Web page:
Monstera deliciosa

Plant family: Araceae


Botanical name: Monstera deliciosa


Monstera deliciosa

Common names: Often confused as a Swiss Cheese plant (Monstera adansonii), or a Split-leaf Philodendron (not a Monstera but looks similar).



Native to Central America, this tropical plant is used to warm and humid weather. The large leaves collect as much sun as it can get, and the splits in the leaves help the plant survive rainfall and wind.


Monstera deliciosa gets its name from the Latin word "monstrous", referring to the unusual leaves this genus has. Monstera deliciosa has many splits in the leaves, and can have fenestrations (holes) along side the middle rib of the plant. Only mature and thriving plants will produce the fenestrations, and both the leaf splits and fenestrations are pre determined before a new leaf unfolds.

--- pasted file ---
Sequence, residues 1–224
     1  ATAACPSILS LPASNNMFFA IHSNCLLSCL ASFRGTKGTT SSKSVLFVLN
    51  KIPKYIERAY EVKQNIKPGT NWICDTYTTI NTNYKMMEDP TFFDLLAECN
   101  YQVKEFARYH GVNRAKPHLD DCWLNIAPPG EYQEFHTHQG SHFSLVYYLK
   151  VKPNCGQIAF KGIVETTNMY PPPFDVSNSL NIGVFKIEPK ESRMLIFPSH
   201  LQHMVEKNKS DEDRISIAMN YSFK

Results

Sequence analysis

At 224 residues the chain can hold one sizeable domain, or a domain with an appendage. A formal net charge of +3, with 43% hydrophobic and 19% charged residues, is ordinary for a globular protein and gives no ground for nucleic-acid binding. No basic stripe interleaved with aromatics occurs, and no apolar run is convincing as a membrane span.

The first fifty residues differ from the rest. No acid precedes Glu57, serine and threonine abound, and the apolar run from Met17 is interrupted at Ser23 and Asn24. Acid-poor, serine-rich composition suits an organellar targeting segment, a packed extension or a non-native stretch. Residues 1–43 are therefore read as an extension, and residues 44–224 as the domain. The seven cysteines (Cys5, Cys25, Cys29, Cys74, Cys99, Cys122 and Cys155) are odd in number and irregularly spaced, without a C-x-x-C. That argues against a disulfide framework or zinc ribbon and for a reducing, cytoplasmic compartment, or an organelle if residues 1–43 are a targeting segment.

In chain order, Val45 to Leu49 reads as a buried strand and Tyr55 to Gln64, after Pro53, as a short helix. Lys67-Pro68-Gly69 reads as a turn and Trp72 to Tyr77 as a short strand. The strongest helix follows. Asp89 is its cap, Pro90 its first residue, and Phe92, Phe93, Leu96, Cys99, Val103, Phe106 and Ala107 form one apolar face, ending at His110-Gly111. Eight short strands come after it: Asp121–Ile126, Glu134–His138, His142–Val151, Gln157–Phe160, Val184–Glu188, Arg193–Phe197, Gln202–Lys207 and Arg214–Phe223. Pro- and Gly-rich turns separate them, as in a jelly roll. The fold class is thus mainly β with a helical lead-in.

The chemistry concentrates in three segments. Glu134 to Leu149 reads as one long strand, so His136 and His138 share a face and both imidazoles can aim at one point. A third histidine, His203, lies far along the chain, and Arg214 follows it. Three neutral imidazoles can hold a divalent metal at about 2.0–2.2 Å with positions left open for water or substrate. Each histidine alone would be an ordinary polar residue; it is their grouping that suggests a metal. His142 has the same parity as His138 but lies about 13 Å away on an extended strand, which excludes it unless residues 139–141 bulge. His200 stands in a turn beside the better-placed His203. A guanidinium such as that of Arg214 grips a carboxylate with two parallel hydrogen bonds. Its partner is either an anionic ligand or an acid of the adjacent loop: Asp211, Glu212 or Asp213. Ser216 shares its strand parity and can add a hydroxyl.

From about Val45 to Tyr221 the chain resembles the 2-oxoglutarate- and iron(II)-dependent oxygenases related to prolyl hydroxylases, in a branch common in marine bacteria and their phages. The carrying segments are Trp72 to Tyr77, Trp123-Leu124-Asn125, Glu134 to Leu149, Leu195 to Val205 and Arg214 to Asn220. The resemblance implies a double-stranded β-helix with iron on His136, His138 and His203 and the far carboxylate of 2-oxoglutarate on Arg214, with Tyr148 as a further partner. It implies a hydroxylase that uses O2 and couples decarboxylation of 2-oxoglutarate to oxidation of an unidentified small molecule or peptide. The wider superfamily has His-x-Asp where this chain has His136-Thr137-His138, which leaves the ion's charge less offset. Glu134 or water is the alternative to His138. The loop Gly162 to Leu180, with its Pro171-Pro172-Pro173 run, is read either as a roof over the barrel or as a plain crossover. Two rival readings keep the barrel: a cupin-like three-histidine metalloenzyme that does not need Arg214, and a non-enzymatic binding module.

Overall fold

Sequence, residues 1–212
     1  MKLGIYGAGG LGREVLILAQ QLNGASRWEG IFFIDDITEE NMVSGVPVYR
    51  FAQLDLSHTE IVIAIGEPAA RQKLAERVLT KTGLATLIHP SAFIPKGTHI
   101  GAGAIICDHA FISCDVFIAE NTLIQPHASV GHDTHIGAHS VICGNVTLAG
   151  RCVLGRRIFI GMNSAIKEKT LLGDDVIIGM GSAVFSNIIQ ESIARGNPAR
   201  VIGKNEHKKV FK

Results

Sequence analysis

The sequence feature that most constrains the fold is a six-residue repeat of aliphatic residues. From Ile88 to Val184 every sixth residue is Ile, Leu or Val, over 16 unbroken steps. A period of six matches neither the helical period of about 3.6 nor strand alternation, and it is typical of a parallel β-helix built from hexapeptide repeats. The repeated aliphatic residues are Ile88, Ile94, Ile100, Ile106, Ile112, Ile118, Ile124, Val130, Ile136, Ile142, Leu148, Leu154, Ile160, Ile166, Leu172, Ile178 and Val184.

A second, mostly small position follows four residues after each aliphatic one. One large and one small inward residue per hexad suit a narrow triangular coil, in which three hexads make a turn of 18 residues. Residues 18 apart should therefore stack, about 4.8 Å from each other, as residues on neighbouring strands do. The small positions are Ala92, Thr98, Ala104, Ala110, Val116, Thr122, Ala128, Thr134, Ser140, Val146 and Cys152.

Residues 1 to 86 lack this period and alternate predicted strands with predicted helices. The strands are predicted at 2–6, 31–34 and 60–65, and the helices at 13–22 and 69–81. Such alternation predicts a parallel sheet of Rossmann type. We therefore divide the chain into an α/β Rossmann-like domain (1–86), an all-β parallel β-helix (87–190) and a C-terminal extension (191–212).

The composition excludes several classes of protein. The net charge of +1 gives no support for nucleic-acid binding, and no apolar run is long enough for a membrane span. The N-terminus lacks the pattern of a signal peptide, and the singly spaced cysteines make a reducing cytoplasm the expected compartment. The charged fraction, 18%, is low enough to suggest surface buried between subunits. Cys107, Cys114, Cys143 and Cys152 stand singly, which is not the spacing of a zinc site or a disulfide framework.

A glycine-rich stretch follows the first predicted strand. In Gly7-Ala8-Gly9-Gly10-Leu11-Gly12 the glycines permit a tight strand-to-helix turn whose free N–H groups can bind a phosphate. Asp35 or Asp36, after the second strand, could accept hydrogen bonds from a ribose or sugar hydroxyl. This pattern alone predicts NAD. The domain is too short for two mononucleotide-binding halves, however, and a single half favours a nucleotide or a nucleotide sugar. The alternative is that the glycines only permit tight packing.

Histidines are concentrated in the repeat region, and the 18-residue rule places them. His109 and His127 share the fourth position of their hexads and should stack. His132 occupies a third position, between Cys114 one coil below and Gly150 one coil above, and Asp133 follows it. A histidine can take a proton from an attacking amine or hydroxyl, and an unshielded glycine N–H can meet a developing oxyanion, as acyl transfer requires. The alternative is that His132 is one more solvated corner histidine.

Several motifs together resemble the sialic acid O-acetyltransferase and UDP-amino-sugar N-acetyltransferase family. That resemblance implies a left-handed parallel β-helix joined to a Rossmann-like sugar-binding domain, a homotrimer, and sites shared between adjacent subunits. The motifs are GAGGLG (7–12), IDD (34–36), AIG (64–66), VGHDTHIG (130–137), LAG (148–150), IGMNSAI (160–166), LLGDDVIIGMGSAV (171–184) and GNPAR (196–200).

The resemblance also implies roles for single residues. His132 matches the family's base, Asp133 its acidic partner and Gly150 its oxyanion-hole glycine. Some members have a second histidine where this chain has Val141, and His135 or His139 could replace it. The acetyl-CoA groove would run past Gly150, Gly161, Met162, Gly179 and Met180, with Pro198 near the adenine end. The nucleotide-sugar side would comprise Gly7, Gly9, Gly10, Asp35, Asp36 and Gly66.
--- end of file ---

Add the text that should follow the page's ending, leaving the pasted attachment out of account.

To encourage a new leaf to form you can prune stems that are not producing leaves with splits and fenestrations (only on large mature plants). Fertilizing during the spring and summer will also encourage a lot of growth, but do not fertilize during the winter months when this plant is dormant.



Care: We rate this plant as easy! It is a very forgiving plant that brings a lot of satisfaction to plant parents who like to watch leaves unfurl.

Light: Medium to bright indirect light. It can get used to direct light, but could damage a few leaves as it acclimates. We recommend an east, west, or south facing window.

Water: Let this plant dry out slightly between waterings to avoid root rot. Once a week stick your finger into the soil, and if the top 1' -2" are dry then you can water it. Do not over water, as the roots are very prone to root rot. It is best to have well draining soil to allow the roots to move and breath.


Humidity: All Monstera plants require humidity. We recommend a humidifier, or a daily mist.

Pets: Toxic to pets.


WHY WE LOVE IT ! The fenestrations! We love watching Monsteras unfurl, and wondering how many fenestrations the plant will have.

Fun Fact: In nature this plant can grow edible fruit! The second part of its name "deliciosa" refers to the delicious fruit.






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